Craig Foster joins the Johan Cruyff Institute mission to nurture sport with former athletes working in management, as its new ambassador in Australia
Craig Foster is one of the best-known faces in the world of Australian football. Not only because of his time as a player at several of the clubs with most history in Australia and of the national team in the 90s, but also because since his retirement in 2003 he has remained strongly linked to his sport in various ways.
Craig is a well-known commentator and analyst for the SBS network in Australia, as well as an ardent defender of players’ rights, a mission he carried out from his position as CEO and president of the Association of Professional Footballers of Australia (PFA), of which he remains a member. He is licensed as a professional football coach, which enabled him to become head coach of the Australian Indigenous Team, and he also holds a Postgraduate Diploma in Football Business and a Master in Sport Management from the Johan Cruyff Institute.
Directly involved in a large number of charities, Craig promotes social change through football via different organizations, with a special interest in the rights of the indigenous community, health, education and sporting opportunities. Through his commitment to contributing to the education of future generations so they are much better prepared to lead sports organizations in Australia, Craig also serves as an ambassador of the Johan Cruyff Institute in his country.
In this interview, he brings us closer to the Australian reality and to the future challenges facing the country to become a major player in an increasingly globalized sports world.
Johan always defended that well-educated athletes in management are the best option to lead sport. Do you agree?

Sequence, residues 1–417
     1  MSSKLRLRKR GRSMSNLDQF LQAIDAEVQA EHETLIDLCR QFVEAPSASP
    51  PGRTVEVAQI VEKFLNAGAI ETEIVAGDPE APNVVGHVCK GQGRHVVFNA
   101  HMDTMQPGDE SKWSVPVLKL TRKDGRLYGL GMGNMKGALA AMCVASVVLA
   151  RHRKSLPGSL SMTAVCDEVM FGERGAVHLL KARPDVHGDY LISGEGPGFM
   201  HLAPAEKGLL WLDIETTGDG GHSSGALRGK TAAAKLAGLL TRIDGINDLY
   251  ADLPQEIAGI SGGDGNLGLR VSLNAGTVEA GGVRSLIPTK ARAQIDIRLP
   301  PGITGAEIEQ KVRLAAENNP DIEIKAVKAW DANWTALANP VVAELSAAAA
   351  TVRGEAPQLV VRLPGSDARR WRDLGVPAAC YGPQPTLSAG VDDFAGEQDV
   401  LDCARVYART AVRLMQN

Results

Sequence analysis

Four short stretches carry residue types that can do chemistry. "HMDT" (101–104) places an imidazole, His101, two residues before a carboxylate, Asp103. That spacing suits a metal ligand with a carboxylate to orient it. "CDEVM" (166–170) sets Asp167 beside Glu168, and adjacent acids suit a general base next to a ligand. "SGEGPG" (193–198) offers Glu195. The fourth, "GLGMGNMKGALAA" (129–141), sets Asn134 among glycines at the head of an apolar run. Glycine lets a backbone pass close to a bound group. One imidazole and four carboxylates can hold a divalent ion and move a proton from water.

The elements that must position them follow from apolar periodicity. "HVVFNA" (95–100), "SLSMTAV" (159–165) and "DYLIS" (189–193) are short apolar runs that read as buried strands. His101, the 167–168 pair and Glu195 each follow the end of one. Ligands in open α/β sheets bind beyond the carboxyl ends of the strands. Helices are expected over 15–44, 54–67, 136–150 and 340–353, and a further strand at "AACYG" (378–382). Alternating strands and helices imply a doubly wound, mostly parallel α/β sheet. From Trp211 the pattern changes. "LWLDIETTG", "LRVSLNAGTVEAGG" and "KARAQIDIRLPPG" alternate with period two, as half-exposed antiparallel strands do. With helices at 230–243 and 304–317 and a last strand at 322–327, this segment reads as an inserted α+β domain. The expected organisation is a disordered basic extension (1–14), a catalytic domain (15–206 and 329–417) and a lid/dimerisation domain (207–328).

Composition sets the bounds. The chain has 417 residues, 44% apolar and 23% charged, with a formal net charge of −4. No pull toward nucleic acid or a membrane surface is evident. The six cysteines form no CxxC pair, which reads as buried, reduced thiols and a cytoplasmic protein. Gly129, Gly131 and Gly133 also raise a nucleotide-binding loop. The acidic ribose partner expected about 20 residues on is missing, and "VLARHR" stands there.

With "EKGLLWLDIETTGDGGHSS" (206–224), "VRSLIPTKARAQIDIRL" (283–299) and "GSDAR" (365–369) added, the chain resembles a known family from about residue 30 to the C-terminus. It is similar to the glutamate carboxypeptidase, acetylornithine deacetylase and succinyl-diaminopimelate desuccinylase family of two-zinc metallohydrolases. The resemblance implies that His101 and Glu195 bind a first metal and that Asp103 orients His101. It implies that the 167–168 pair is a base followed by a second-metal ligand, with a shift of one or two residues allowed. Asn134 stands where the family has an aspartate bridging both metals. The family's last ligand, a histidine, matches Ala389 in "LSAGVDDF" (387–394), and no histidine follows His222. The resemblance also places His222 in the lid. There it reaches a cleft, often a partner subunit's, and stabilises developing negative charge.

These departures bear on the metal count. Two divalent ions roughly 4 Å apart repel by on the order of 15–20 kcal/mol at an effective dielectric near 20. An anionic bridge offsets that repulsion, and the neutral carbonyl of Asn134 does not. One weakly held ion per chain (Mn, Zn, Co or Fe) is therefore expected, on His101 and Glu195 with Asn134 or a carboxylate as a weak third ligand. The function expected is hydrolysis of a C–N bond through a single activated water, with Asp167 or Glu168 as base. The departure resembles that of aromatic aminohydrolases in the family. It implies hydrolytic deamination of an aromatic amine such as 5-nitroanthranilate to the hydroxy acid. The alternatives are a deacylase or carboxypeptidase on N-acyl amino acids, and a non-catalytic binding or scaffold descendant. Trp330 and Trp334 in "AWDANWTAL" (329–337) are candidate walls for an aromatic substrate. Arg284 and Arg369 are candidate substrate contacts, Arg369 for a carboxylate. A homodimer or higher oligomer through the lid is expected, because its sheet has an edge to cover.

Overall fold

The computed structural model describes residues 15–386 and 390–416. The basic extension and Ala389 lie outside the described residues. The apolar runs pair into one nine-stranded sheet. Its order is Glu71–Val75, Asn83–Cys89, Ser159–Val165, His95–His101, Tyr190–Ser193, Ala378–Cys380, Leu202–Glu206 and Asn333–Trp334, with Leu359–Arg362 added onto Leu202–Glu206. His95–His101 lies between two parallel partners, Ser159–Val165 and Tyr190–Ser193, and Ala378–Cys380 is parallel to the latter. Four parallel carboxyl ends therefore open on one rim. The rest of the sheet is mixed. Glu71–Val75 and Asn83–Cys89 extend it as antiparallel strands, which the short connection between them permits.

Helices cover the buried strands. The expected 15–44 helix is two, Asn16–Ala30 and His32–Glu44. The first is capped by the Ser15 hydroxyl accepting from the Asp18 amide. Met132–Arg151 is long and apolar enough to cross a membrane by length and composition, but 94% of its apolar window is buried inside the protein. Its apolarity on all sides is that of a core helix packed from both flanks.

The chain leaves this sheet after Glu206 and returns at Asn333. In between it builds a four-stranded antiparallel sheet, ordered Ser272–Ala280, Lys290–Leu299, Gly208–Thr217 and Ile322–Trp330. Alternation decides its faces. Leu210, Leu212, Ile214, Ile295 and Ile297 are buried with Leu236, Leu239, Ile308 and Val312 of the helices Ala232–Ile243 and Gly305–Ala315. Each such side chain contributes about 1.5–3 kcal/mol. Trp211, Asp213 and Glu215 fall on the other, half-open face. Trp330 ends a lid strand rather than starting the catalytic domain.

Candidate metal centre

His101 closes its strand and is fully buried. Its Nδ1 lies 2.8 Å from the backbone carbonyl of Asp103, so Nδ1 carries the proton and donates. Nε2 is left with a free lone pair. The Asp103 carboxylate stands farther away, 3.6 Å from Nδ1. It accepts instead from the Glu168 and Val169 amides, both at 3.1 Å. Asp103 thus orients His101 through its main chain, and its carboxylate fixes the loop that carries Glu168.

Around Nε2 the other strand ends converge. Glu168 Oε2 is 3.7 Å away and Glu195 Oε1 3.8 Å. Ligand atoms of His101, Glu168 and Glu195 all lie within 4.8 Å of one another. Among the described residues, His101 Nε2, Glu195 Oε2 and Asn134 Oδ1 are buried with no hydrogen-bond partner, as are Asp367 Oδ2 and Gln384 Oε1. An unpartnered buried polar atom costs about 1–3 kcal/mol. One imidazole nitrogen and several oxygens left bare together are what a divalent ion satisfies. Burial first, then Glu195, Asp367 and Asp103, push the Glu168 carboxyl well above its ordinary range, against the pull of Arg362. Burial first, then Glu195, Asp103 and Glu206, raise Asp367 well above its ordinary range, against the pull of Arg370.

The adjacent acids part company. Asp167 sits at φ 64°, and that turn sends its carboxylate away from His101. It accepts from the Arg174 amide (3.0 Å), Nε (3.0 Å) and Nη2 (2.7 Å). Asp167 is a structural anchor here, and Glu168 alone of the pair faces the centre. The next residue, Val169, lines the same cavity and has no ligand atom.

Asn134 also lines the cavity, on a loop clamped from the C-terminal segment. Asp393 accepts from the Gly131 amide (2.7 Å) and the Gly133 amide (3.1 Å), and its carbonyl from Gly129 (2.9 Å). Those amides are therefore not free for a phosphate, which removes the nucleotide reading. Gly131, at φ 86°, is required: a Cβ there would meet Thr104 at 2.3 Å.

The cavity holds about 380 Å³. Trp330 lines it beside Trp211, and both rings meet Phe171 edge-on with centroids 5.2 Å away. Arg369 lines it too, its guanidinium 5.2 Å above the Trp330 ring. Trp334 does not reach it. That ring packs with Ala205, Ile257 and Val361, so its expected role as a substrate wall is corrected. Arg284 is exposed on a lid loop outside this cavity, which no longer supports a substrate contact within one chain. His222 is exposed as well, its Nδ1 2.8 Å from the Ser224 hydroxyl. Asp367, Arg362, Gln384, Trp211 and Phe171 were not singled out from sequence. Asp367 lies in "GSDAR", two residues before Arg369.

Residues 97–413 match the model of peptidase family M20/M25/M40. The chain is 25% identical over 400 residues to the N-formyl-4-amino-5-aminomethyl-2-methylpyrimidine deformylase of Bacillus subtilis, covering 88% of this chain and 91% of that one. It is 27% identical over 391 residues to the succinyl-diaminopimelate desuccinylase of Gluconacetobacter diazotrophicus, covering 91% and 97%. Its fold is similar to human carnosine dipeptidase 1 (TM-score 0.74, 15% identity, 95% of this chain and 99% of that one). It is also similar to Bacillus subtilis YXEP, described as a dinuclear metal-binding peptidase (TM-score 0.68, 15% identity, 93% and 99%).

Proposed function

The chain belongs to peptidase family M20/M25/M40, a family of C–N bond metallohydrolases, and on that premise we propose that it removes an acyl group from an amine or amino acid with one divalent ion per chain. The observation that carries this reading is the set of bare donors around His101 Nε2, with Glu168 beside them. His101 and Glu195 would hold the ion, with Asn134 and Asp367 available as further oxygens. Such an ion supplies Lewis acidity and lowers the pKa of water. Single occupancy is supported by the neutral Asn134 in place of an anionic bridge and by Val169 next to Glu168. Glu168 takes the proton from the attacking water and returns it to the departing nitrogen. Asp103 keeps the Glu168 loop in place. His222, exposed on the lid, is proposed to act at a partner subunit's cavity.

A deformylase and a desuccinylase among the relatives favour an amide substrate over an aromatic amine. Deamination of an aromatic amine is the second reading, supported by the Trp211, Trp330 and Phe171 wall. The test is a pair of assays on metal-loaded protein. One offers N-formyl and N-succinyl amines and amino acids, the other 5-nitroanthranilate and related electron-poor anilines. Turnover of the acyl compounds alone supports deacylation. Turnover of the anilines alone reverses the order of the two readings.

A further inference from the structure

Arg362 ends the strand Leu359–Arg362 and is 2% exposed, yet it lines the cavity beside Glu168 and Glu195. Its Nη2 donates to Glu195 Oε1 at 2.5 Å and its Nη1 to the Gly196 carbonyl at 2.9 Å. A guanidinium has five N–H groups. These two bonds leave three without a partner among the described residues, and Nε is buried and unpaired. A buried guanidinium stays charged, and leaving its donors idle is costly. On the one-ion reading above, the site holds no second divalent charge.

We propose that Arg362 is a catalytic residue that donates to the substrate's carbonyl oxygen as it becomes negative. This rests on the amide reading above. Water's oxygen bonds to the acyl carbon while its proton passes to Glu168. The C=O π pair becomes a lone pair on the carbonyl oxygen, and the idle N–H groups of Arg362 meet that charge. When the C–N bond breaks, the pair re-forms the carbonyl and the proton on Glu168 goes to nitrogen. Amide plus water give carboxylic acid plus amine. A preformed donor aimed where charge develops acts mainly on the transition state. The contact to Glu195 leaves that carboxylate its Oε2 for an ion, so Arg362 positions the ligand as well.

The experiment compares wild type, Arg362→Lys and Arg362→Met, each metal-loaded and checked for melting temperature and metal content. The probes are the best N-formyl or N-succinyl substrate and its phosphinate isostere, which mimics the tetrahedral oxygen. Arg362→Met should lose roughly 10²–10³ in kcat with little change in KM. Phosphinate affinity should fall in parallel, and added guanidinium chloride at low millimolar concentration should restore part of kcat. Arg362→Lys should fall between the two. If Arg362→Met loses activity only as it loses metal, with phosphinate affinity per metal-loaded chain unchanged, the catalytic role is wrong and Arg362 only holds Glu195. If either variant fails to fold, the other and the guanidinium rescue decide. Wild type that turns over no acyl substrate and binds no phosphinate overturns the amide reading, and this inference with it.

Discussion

Undoubtedly. Former athletes bring many advantages. Domain-specific knowledge, passion of course, often an inherent connection with important stakeholders (fans, commercial partners, broadcasters) and, I would like to think, an ethical framework, work ethic and set of values that come from working within a team environment, understanding the daily work process critical to achievement and, as importantly as these qualities, an ability to think and plan long term for their sport. This is not an exclusionary discussion, everyone has the right to contribute to the sport they love. However, former athletes (players) bring a range of qualities that are highly desirable, provided they are allied to a strong academic foundation.
Johan changed the game, he was a visionary as a player and as a coach, but he also devoted much of his energy to players’ education. What role do you think education has in the world of football and sport in Australia?
Knowledge is critical to the growth and development of our game in Australia, and I would say more broadly across Asia. The game of football moves very quickly for a number of reasons — it is the world’s largest, the most well-financed, and the competitiveness between nations, leagues and tens of thousands of clubs from amateur to professional level ensure that the search for an edge, for better thinking and innovation is fierce. This drives change at an ever increasing rate, particularly with knowledge being analyzed, shared and disseminated more quickly than ever through digital channels. Nations like Australia, and confederations like Asia, without the ultimate global success we seek, for example, can only prosper if we understand the global context, track and monitor the best thinking and progress and work to find our own competitive advantages. All of this requires understanding as the starting point, which can only come from two things — experience and education. Both are critical.
You decided to study at the Johan Cruyff Institute years ago. How did you know about its existence and why did you think it was important for you?
I sought to study football management rather than sport management, which is very popular in Australia. It appeared self-evident that to better work for and in the game, the broadest and deepest possible understanding of the global context is a prerequisite. Having searched, the online component of Johan’s Institute was highly desirable and enabled me to study while undertaking my numerous other duties within Australian football, to update my knowledge while simultaneously applying it. This new model of education is a phenomenal asset to today’s generation of students.